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A young CEO I know recently described entrepreneurship as akin to jumping off a cliff and building a plane on the way down. In other words, entrepreneurship is pretty risky but carries with it the potential of a huge payoff. With a new school year about to begin, that might be exactly what prospective students of higher education are feeling.

The average university tuition in Canada is now more than $5,000. After four years, Statistics Canada says a final bill of almost $60,000 can be expected after including books, housing, and other ancillary expenses. And tuition inflation historically has made the recent spike in food prices seem tepid, so that number might only be going up.

Part of that $60,000 you would have to pay for anyway. If you didn't enroll in post-secondary education, you'd still have to eat and find a place to live.

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Much of that cost is paid for through part-time and summer jobs, as well as help from family. Indeed, the average university graduate is carrying around $27,000 of debt upon graduation.

Statscan regularly reports on the average Canadian's debt-to-income ratio, and these days, every time they do, it makes it into the news. Everyone, including me, is finger-wagging about debt. That ratio has recently breached 150 per cent, meaning that for every dollar of after-tax income, we owe more than $1.50 in debt. That debt could be mortgages, vehicle loans, credit cards, lines of credit and, of course, student loans.

Of course, the danger of using averages like the 150 per cent is that it's a blunt instrument. It doesn't capture the reality of the picture for university students.

A new graduate with $27,000 in debt with a decent job in her field – and looking ahead to a first house, a car or perhaps even a wedding – would be extremely fortunate to carry the 150-per-cent ratio.

A humanities degree might net her a salary of $36,000 per year, but, after tax, that is closer to $30,000. That would put her at a debt-to-income ratio of 90 per cent, assuming the only debt she carried was her student loan. She could only take on $18,000 more debt before she hit an even 150-per-cent debt owed per after-tax dollar. So what's it going to be? A car or a wedding? Not both, and not a house.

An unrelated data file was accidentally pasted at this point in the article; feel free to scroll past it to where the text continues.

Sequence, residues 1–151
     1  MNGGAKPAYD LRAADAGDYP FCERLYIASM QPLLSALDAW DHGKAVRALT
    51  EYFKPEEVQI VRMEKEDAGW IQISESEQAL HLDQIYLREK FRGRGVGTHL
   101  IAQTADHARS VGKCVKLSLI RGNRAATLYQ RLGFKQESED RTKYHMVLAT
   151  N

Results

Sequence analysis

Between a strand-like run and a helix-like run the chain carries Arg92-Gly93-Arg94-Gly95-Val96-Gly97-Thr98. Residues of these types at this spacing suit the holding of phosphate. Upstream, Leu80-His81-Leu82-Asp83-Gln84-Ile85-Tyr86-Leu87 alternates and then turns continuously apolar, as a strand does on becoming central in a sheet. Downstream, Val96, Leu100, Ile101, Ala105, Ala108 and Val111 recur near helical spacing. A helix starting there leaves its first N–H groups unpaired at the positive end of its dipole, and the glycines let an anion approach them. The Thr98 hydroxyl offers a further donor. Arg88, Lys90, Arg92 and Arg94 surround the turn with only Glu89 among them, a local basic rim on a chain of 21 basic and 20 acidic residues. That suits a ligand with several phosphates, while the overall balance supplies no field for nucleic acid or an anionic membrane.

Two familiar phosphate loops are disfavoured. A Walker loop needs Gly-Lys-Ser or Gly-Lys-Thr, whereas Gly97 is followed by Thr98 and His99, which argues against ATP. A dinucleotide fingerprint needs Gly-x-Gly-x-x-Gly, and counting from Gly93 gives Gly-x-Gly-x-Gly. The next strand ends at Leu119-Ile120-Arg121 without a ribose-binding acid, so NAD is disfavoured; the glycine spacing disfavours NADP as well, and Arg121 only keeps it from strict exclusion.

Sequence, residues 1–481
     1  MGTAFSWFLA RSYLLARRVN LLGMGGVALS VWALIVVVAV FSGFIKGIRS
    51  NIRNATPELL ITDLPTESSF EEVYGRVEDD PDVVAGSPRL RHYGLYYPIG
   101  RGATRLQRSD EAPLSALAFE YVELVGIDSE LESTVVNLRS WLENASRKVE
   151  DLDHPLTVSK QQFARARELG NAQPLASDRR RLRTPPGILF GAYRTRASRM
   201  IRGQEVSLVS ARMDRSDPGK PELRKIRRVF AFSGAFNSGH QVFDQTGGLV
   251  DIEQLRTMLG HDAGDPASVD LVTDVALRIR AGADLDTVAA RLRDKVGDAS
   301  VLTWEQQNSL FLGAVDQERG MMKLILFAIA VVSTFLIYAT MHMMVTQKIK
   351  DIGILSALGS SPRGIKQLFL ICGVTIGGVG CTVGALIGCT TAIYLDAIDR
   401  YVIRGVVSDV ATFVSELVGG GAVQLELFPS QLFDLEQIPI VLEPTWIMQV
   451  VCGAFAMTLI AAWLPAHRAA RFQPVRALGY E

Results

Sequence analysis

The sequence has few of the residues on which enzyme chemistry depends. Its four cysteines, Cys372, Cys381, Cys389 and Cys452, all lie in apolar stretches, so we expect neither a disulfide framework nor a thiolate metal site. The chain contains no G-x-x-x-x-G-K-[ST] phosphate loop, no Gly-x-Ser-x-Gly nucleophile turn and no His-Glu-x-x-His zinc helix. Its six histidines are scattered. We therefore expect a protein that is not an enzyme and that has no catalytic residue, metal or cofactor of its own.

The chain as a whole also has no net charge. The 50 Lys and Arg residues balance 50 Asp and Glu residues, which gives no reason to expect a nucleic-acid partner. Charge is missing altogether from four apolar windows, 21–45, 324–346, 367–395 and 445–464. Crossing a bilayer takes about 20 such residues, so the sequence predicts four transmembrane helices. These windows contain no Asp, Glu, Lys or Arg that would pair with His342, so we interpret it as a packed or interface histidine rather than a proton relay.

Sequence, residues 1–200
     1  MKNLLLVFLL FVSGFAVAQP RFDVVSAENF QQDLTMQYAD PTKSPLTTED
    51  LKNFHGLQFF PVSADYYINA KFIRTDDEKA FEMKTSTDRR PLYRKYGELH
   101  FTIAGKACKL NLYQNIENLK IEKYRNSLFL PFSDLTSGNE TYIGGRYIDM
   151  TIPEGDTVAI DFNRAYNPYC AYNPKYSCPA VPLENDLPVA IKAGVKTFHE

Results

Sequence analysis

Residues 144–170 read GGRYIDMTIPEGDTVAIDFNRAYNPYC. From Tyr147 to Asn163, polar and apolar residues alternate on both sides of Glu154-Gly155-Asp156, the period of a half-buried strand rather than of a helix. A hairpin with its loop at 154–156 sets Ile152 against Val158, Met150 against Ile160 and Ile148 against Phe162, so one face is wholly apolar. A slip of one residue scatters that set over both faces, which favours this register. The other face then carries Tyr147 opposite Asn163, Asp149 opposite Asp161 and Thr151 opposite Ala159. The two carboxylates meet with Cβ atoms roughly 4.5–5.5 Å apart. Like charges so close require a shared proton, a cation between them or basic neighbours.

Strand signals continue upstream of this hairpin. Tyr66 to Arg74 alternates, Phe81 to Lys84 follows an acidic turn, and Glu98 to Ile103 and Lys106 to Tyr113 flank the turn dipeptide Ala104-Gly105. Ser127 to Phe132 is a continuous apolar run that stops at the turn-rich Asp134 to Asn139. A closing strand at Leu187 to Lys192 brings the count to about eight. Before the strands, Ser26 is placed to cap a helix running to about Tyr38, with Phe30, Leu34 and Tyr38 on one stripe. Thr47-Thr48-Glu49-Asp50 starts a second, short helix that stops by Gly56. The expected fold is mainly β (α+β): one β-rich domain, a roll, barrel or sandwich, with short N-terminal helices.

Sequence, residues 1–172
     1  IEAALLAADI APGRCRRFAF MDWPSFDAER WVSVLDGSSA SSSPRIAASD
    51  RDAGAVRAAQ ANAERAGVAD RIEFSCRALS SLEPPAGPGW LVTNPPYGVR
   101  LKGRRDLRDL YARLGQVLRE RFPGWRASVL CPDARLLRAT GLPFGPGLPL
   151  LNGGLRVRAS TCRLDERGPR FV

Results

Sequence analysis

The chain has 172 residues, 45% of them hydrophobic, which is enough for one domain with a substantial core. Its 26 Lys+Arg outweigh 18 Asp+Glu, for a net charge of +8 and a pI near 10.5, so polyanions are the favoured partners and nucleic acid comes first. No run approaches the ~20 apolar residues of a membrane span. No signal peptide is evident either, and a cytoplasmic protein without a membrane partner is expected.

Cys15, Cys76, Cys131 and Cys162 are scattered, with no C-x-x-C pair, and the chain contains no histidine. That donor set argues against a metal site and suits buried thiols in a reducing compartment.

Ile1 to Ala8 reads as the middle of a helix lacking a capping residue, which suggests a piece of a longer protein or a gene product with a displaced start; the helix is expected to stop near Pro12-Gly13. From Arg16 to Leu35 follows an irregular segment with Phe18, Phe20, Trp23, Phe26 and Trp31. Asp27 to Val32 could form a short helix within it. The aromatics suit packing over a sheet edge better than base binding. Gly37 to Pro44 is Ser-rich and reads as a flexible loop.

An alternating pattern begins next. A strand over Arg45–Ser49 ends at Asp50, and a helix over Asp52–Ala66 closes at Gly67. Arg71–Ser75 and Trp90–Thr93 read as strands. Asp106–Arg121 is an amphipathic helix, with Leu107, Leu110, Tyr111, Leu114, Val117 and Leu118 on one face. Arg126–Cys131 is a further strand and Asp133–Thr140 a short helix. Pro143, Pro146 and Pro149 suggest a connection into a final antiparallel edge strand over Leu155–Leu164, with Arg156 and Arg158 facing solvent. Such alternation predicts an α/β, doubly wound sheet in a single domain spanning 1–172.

The harsh reality is that debt is heaviest for young people, and a debt-to-income ratio well over 200 per cent is not abnormal. Most graduates don't buy a house the day after they graduate, as it takes time to build up a down payment. Fast-forward five years and the scene is not much better – hopefully the graduate has significantly paid down those student loans and has a spouse who's also working. After a few raises, perhaps her combined after-tax income is $72,000. At that rate, just to carry a $200,000 mortgage would mean a debt-to-income ratio of 278 per cent.

A recent report from TD Canada Trust says that it would take 15 years to pay off the average university student debt by making monthly payments of $260. That's a big cliff a new student is jumping from.

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If you are going to make the investment of post-secondary education, it doesn't have to be as risky as entrepreneurship. Before you jump, get the blueprint for that airplane you hope to build on the way down. That blueprint is available in the form of educating yourself about personal finance.

Run a surplus, avoid carrying balances on your credit cards, and focus on paying down debt aggressively. You'll be able to limit the turbulence on your flight, and ascend comfortably over time to a nice cruising altitude with your finances.

Freedom 15

The average debt of a university graduate in Canada is $27,747. Assuming an 8-per-cent annual fixed-interest rate, a monthly payment of $260 would pay off that debt, plus $19,181 of interest, in 15 years, for a total cost of $46,928. (Paying it off in only five years would save $13,393 in interest payments.)

Source: TD Canada Trust

What can be done about student debt levels? Personal finance columnist Rob Carrick will answer readers' student debt questions live on Wednesday at noon (ET). Click here to join the discussion.

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